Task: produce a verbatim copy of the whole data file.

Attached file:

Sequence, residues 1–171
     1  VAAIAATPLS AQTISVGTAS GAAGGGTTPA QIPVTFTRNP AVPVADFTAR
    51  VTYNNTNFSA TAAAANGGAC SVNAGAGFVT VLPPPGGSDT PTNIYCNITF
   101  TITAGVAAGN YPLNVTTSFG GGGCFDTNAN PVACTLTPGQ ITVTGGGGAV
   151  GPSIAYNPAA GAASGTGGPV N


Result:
Sequence, residues 1–171
     1  VAAIAATPLS AQTISVGTAS GAAGGGTTPA QIPVTFTRNP AVPVADFTAR
    51  VTYNNTNFSA TAAAANGGAC SVNAGAGFVT VLPPPGGSDT PTNIYCNITF
   101  TITAGVAAGN YPLNVTTSFG GGGCFDTNAN PVACTLTPGQ ITVTGGGGAV
   151  GPSIAYNPAA GAASGTGGPV N